lobelia n : any plant or flower of the genus Lobelia
Lobelia is a genus of flowering plant comprising 360–400 species, with a subcosmopolitan distribution primarily in tropical to warm temperate regions of the world, a few species extending into cooler temperate regions. English names include Lobelia, Asthma Weed, Indian Tobacco, Pukeweed, and Vomitwort.
Some botanists place the genus and its relatives in the separate family Lobeliaceae, others as a subfamily Lobelioideae within the Campanulaceae. The Angiosperm Phylogeny Group did not make a firm decision in this, listing the genus under both families.
Lobelia is probably the base form from which many other lobelioid genera are derived; it is therefore highly paraphyletic and not a good genus. For example, the Hawaiian species are part of a group including other genera that appear very different (see Hawaiian lobelioids). However, the group has not yet been studied adequately to rearrange the classification.
Lobelia species are used as food plants by the larvae of some Lepidoptera species including the Setaceous Hebrew Character.
The genus is named after the Belgian botanist Matthias de Lobel (1538–1616).
Extracts of Lobelia inflata contain lobeline, which showed positive effects in the treatment of multidrug-resistant tumor cells. Furthermore, lobeline can be modified to lobelane which decreased methamphetamine self-administration in rats. It therefore opens a perspective in methamphetamine dependency treatment.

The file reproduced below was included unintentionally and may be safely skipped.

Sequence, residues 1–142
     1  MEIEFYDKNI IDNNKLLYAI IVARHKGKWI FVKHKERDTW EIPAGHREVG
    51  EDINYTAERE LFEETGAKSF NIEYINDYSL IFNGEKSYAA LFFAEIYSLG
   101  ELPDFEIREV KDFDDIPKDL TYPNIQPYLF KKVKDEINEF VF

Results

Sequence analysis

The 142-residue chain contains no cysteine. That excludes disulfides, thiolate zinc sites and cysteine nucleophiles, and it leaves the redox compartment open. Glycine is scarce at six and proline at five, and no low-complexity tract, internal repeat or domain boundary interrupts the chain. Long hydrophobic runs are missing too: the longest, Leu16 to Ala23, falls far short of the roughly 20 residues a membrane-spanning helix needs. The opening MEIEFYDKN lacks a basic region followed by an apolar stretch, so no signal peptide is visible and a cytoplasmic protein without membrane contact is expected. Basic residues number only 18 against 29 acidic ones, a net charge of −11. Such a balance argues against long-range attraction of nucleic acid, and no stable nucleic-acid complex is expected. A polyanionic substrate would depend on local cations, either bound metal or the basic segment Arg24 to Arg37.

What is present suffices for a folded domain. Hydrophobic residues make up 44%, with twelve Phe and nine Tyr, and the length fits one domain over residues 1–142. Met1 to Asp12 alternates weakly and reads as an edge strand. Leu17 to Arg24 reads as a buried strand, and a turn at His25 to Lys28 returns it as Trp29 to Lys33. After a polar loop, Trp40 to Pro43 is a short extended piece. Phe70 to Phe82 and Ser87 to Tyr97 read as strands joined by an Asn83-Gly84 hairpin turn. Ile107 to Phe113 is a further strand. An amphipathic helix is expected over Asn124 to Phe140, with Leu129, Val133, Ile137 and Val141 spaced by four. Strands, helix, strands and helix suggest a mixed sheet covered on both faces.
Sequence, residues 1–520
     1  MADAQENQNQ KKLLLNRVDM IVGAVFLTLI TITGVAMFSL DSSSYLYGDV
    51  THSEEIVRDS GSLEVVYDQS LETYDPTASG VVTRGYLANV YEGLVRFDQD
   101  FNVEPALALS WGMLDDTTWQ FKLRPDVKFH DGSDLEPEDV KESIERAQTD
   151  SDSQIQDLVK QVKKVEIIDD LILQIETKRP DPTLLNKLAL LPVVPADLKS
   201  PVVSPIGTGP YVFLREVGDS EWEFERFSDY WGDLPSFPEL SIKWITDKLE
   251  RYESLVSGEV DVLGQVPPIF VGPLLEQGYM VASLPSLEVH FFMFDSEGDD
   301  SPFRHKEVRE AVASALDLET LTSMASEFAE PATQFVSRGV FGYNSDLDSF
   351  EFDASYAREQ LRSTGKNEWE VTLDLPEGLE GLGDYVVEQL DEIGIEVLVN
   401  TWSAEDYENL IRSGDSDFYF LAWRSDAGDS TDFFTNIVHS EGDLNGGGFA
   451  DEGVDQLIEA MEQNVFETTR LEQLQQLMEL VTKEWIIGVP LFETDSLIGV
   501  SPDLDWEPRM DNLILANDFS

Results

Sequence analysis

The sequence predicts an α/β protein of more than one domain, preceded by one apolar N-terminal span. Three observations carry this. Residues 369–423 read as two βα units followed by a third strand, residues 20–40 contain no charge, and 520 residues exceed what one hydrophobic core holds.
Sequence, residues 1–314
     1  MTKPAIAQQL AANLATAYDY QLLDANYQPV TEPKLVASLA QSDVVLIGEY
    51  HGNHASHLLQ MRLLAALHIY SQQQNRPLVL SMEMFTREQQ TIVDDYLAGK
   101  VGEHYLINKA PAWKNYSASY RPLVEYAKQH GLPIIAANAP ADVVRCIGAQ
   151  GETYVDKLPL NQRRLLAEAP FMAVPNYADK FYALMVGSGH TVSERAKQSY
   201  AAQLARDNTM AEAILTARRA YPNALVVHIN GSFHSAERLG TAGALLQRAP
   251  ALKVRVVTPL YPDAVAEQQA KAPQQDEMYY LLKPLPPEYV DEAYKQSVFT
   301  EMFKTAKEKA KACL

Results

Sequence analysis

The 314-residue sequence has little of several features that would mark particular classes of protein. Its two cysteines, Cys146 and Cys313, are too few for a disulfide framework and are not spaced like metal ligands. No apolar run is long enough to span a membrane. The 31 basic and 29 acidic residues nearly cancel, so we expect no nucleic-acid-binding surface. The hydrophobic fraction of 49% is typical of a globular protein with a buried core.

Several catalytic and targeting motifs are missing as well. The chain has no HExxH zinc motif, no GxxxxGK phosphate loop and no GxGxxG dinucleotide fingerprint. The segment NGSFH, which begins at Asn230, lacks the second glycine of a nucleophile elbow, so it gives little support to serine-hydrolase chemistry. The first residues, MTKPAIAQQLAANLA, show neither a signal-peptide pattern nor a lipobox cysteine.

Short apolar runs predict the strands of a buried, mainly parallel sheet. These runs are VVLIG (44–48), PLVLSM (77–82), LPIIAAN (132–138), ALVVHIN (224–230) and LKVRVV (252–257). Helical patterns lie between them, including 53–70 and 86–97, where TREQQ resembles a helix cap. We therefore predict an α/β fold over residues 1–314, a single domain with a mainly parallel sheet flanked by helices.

As used in North America, lobelia's medicinal properties include the following: emetic (induces vomiting), stimulant, antispasmodic, expectorant, diaphoretic, relaxant, nauseant, sedative, diuretic, and nervine.
Because of its similarity to nicotine, the internal use of lobelia may be dangerous to susceptible populations, including children, pregnant women, and individuals with cardiac disease. Excessive use will cause nausea and vomiting. It is not recommended for use by pregnant women and is best administered by a practitioner qualified in its use.
Herbalist Samuel Thompson popularized medicinal use of lobelia in the United States in the early 19th century, as well as other medicinal plants like goldenseal. One species, L. chinensis (called bàn biān lián, 半边莲 in Chinese), is used as one of the fifty fundamental herbs in traditional Chinese medicine.
Further readingWeeds in South Texas and Northern Mexico ISBN 0-89672-614-2
lobelia in German: Männertreu
lobelia in French: Lobelia
lobelia in Dutch: Lobelia
lobelia in Japanese: ロベリア
lobelia in Polish: Lobelia
lobelia in Russian: Лобелия